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Newsy; After reading your posting, I am seating here at my computer, shaking my head. What sort of country did we grow up in. Have we been just generations of lambs, subservient in all regards.
GabhaDubh, it would appear so. As a country, we have so much to come to terms with, so much to heal from, so much to unearth to help that healing and unfortunately, at times fight for healing, eventual healing to take place....healing of the soul/spirit.

I never knew there was such a practice, till yesterday......it shocked me. I made a vow last night, that if it wasn't here tonight, I would post on it. It is the only thing I can do to help these women.

The only thing that gives me hope, is that 'secrets' are coming out....the Murphy Report, the Ryan Report and the unspeakable torture and sexual abuse. Now these women are pushing for an inquiry and that is good. As a country, we are growing up, as difficult as that is.
 

Sync

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Can anyone argue with Harney's point?

The minister said reviews are carried out to improve care for patients and as symphysiotomy was superseded by Caesarean section in the 1980s, any review would not now be productive.
She's the health minister. What benefit will the area of her responsibility gain from an inquiry into a practice that finished in most cases 50 years ago and in one hospital 27 years ago?
 

Didimus

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Newsy:
Such practices as you call them are medical procedures. I posted a link which put forward a rationale for a restoration of this procedure in the options used by obstrecticians today. If I described a c-section as involving a docor using a scalpel to rip open a woman to snatch out a baby it would indeed sound horrific.
Which is not to say that the use of symphysiotomy in Ireland was in all cases medically justified, or the that the post-operative care was adequate.
 

GabhaDubh

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Newsy; Why in Ireland, is it always an uphill battle. Dark secrets hidden away, buried by the powers that be. Our betters, dictating the peons course of life, with no regard for the individual rights of man, women or child.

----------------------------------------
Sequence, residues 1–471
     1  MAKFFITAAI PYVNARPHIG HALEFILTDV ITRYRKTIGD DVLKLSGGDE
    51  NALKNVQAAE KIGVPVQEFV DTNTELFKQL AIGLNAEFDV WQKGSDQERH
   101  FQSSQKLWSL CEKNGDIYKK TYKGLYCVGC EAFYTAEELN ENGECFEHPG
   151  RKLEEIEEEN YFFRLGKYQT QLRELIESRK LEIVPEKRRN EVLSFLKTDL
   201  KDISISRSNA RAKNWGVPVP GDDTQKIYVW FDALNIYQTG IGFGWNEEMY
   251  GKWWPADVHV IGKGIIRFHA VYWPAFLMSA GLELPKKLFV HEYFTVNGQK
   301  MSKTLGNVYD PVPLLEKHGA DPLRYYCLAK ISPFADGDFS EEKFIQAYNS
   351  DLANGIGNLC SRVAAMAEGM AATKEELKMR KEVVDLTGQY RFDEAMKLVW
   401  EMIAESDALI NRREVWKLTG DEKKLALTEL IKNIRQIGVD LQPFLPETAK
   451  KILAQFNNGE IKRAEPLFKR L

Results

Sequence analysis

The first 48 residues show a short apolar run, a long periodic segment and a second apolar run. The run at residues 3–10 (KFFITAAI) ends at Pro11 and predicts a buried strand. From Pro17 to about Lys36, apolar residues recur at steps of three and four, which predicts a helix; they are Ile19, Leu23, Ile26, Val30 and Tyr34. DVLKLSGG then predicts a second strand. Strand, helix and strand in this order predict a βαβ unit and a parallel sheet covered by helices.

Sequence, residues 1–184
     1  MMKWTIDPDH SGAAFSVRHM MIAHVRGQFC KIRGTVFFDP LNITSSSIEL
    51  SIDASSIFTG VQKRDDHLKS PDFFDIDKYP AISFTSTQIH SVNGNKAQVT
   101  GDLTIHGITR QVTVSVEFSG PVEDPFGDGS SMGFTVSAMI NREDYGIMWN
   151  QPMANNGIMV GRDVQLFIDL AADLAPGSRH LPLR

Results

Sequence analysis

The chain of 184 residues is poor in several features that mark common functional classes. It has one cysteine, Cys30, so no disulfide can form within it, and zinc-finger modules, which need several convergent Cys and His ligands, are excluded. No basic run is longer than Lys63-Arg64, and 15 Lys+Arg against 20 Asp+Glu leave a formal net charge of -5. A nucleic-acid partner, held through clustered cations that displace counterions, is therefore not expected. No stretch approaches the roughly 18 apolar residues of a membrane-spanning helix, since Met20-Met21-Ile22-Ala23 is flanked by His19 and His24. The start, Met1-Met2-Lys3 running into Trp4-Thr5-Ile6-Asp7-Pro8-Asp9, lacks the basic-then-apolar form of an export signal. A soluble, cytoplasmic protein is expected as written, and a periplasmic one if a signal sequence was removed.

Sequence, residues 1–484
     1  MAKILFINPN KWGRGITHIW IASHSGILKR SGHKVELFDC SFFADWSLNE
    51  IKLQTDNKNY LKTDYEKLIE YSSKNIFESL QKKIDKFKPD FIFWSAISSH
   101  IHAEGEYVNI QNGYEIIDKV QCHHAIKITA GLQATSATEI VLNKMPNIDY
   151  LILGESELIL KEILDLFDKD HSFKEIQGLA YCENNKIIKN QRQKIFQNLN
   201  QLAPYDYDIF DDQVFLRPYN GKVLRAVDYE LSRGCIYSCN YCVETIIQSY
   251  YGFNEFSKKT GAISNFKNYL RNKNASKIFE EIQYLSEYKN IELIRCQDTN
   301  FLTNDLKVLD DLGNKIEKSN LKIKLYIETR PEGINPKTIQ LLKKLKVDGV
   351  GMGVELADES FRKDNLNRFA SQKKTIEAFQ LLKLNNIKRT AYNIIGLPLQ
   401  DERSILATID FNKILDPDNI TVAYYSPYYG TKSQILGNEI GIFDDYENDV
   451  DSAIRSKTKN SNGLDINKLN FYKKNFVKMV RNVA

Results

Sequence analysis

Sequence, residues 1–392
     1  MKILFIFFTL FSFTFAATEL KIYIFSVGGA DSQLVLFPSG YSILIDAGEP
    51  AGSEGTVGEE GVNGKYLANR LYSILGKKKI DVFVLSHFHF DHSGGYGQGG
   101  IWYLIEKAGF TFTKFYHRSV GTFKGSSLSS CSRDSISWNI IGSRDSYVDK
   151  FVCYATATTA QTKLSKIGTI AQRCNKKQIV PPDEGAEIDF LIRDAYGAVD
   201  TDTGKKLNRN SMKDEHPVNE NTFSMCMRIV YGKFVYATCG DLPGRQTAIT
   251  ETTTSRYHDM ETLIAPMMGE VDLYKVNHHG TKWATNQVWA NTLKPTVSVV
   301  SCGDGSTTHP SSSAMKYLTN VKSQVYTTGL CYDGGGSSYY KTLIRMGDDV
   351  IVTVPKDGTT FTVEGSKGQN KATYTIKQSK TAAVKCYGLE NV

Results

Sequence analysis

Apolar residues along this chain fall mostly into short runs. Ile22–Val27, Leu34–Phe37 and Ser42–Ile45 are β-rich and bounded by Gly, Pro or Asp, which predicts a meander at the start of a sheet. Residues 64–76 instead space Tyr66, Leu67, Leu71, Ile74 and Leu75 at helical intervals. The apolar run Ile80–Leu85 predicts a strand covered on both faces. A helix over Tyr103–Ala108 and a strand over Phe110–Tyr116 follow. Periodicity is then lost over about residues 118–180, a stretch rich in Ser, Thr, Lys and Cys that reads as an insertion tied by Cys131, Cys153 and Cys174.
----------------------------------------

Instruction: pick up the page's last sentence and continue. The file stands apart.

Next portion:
Newsy

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Can anyone argue with Harney's point?



She's the health minister. What benefit will the area of her responsibility gain from an inquiry into a practice that finished in most cases 50 years ago and in one hospital 27 years ago?
Why e.g. was it continued in one hospital, long after it was discontinued in all others?

That certainly would be part of an inquiry.
 

Sync

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But what's the benefit it would bring to the current patients? If there's allegations of it being illegal then fine let it come from a different department's budget. It just seems like an inappropriate use of very limited health funding.

For instance, let's say the inquiry costs 50 million, and keeping in mind that pay rates are locked down in union agreements, which service should be cut back from the current patients? If you DO find that 50 million, aren't there better uses for it in serving current patients in need as opposed to an inquiry in a 27 year old matter with no displayed relevance to the current department?
 

Newsy

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Newsy; Why in Ireland, is it always an uphill battle. Dark secrets hidden away, buried by the powers that be. Our betters, dictating the peons course of life, with no regard for the individual rights of man, women or child.
GabhaDubh, there's a question and a half!!! We have a long way to go to really appreciate that each one is sacred.....but first of all we need to know the pain of our collective and national wounds. I have no idea, why it always appears that it is an uphill battle, all I know is that we have a duty to those who have gone before us to make things better (humanistically) for those who come after us.
 

Didimus